Weekly Climate and Energy News Roundup #295

By Ken Haapala, President, The Science and Environmental Policy Project

Brought to You by www.SEPP.org

UN – Protection of Four Freedoms: On December 10, 1948, the three-year old-UN adopted its Universal Declaration of Human Rights. Among others, Eleanor Roosevelt lobbied heavily for this declaration, invoking what was called the Four Freedoms. On January 6, 1941, President Roosevelt articulated these concepts in his State of the Union address. At the time, the US was formally neutral about the war occurring in Europe and in Asia, though Roosevelt was trying to convince the reluctant Congress and public to join the side of Great Britain.

When the US entered the war after the bombing of Pearl Harbor on December 7, 1941, the four freedoms became generally accepted by the western allies. They are:

· Freedom of speech

· Freedom of worship

· Freedom from want

· Freedom from fear

Freedom from want is usually associated with adequate food for the public. These concepts are articulated in the second paragraph of the preamble of the Universal Declaration of Human Rights:

“Whereas disregard and contempt for human rights have resulted in barbarous acts which have outraged the conscience of mankind, and the advent of a world in which human beings shall enjoy freedom of speech and belief and freedom from fear and want has been proclaimed as the highest aspiration of the common people.” [Boldface added].

Sometimes, it appears that over the past 69 years the UN has lost its way and now is more concerned with promoting phantom fears of carbon dioxide, a gas essential for life as we generally recognize it, rather than protecting the freedoms embodied in its creation. See http://www.un.org/en/universal-declaration-human-rights/

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Quote of the Week. “The true standard of impartiality is that he should conceal no fact which, in his own mind, tells against his views.” – Lord Charnwood, biography of President Lincoln [H/t Rupert Darwall]

Number of the Week: 108th out of 140

UN – Promotion of Four Fears: The Summary for Policymakers of the Synthesis Report, of the Fifth Assessment Report (AR-5, 2013 & 2014) for the UN Intergovernmental Panel on Climate Changes contains many assertions regarding the climate system that may develop in the future from the continued used of fossil fuels. The major assertions are based on numerical models that have not been rigorously tested. These assertions were amplified by the Climate Science Special Report: Fourth National Climate Assessment (NCA4), Volume I, (CSSR) released by the US Global Change Research Program (USGCRP) in November. The CSSR was discussed in the November 11 TWTW.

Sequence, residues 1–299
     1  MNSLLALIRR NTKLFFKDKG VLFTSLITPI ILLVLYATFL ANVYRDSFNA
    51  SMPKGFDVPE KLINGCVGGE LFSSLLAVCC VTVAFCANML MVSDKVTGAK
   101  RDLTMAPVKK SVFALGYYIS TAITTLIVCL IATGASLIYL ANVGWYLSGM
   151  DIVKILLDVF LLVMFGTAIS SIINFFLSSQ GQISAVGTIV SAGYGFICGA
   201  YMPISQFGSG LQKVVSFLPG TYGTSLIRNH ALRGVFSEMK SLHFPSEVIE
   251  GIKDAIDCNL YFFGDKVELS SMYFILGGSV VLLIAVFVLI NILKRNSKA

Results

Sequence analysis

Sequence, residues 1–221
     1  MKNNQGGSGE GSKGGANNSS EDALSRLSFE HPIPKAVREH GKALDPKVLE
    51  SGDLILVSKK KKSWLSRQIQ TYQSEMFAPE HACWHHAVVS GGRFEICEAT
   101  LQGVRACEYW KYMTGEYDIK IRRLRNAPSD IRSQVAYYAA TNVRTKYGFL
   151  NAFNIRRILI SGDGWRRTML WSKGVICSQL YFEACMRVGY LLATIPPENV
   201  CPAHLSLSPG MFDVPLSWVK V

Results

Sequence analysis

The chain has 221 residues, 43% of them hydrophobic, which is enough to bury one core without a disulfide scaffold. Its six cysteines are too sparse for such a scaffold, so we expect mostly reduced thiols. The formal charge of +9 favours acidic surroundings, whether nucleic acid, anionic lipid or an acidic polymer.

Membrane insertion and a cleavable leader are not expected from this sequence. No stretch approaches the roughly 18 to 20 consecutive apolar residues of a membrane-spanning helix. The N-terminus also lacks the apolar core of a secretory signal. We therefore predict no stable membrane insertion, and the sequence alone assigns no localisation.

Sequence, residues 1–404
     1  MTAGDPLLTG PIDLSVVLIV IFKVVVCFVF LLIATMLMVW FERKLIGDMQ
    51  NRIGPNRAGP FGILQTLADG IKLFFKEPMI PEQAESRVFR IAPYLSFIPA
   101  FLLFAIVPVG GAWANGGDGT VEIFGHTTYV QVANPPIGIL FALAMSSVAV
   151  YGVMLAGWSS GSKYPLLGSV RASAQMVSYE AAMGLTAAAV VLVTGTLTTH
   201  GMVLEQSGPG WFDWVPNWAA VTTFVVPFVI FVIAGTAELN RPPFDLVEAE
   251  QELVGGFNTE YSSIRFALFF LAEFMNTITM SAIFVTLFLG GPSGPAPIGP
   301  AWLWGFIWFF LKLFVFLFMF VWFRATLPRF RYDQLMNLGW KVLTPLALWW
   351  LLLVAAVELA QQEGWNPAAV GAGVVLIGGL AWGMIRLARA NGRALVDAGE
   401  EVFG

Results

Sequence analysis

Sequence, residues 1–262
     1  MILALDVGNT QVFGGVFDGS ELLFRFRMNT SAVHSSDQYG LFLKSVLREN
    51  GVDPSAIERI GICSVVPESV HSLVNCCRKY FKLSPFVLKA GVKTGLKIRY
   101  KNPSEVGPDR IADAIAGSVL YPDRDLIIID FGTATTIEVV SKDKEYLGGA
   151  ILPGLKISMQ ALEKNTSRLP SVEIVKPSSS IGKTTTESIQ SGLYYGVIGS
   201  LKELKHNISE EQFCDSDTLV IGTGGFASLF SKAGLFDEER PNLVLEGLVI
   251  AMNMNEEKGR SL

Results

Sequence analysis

The UN IPCC report and the USGCRP report make similar claims (predictions?) of a dire future from continued use of carbon-based fuels, include increases in heat related mortality, extreme events, heat, precipitation, declining food availability (security), as found on page 13 of the UN report. However, there is little solid evidence supporting these claims, and they are largely based on numerical models that have never been verified and validated, thus are speculation. In general, the claims can be grouped into four phantom fears:

· Fear of Dire Temperature Increase

· Fear of Sudden Sea Level Rise

· Fear of Ocean Acidification (change in chemistry)

· Fear of Famine

Now, it appears that a principal purpose of the UN is not to protect freedoms, including the freedom from fear, but to promote fears. In promotion of fear, the UN is ably assisted by many US government agencies, including the 13 which make up the USGCRP and comprise part of the climate establishment. These government agencies are: The Departments of Agriculture, Commerce, Defense, Energy, Health & Human Services, Interior, State and Transportation, plus EPA, NSA, NSF, the Smithsonian Institution and the U.S. Agency for International Development (USAID). See links under Defending the Orthodoxy.

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Fear of Dire Temperature Increase: There is no question that carbon dioxide (CO2) is a greenhouse gas, the atmospheric concentration of which is increasing with the burning of fossil fuels. Without greenhouse gases, the primary one being water vapor, the earth would be uninhabitable. Further, humanity evolved in the tropics of Africa during a period of climate change. The major issues are how sensitive are earth’s temperatures to CO2 and at what point does warming become harmful to humanity, in general.